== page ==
systematically varied thermal flow parameter study have been used
to describe a relation for the main characteristic order parameters.
Hybrid Quasi-Steady Thermal Lattice Boltzmann Model for Studying the Behavior of Oil in Water Emulsions Used in Machining Tool Cooling and Lubrication
Oil in water (O/W) emulsions are utilized extensively for cooling and lubricating cutting tools during parts machining. A robust Lattice Boltzmann (LBM) thermal-surfactants model, which provides a useful platform for exploring complex emulsions’ characteristics under variety of flow conditions, is used here for the study of the fluid behavior during conventional tools cooling. The transient thermal capabilities of the model are employed for simulating the effects of the flow conditions of O/W emulsions on the cooling of cutting tools. The model results show that the temperature outcome is slightly affected by reversing the direction of upper plate (workpiece). On the other hand, an important increase in effective viscosity is seen which supports better lubrication during the work.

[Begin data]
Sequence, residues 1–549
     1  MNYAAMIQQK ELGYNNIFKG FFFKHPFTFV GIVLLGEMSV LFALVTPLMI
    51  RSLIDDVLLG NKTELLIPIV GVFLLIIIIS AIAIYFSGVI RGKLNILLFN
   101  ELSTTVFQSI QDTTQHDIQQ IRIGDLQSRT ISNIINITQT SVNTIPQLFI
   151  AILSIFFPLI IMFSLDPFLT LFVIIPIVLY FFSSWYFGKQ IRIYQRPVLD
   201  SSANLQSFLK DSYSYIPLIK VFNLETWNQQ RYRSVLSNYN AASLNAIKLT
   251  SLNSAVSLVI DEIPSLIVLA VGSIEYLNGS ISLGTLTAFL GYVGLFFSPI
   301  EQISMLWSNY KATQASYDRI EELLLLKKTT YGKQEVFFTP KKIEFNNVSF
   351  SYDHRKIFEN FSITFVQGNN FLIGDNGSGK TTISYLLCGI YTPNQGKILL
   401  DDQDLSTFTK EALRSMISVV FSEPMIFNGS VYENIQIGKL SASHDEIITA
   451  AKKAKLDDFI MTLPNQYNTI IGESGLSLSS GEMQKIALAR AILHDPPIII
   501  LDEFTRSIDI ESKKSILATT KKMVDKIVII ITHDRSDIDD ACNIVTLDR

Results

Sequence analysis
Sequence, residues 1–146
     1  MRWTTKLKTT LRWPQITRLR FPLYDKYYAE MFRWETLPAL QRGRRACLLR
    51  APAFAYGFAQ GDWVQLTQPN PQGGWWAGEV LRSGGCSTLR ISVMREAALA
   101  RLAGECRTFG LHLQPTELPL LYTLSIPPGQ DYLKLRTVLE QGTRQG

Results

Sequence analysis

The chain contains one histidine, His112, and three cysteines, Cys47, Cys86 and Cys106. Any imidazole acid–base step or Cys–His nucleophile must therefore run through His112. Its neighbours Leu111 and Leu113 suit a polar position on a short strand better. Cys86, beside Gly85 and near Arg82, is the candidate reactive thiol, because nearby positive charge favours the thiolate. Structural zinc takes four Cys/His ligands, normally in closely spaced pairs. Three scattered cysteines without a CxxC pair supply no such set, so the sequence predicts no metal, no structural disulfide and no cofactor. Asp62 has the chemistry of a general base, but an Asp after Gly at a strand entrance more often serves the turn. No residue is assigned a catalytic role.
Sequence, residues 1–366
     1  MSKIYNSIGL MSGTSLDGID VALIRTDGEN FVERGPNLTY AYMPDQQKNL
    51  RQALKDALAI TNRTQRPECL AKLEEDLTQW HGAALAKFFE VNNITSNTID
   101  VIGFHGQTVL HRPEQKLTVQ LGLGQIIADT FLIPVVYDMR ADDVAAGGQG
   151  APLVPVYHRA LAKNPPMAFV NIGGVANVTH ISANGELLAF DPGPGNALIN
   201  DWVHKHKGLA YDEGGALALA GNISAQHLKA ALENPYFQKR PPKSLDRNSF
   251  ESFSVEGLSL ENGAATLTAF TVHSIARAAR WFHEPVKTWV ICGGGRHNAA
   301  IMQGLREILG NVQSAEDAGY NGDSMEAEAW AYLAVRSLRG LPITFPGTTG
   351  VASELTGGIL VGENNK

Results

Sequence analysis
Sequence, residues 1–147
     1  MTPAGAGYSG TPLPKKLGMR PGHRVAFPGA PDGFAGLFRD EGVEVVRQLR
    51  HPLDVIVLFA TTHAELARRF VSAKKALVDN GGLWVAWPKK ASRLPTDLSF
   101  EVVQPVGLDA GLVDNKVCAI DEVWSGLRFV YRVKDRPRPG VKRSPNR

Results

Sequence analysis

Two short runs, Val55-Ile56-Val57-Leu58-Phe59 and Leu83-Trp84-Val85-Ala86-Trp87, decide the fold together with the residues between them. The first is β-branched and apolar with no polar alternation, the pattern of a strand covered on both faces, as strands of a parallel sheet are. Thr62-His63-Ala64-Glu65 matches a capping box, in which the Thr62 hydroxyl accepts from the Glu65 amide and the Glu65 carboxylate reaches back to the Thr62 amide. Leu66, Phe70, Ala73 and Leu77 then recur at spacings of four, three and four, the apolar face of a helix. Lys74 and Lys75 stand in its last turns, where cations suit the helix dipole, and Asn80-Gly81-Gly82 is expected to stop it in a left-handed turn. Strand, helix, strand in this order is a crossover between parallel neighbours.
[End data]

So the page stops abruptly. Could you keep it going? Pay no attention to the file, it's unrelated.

A Partially Accelerated Life Test Planning with Competing Risks and Linear Degradation Path under Tampered Failure Rate Model
In this paper, we propose a method to model the
relationship between failure time and degradation for a simple step
stress test where underlying degradation path is linear and different
causes of failure are possible. It is assumed that the intensity function
depends only on the degradation value. No assumptions are made
about the distribution of the failure times. A simple step-stress test
is used to shorten failure time of products and a tampered failure
rate (TFR) model is proposed to describe the effect of the changing
stress on the intensities. We assume that some of the products that
fail during the test have a cause of failure that is only known to
belong to a certain subset of all possible failures. This case is known
as masking. In the presence of masking, the maximum likelihood
estimates (MLEs) of the model parameters are obtained through an
expectation-maximization (EM) algorithm by treating the causes of
failure as missing values. The effect of incomplete information on the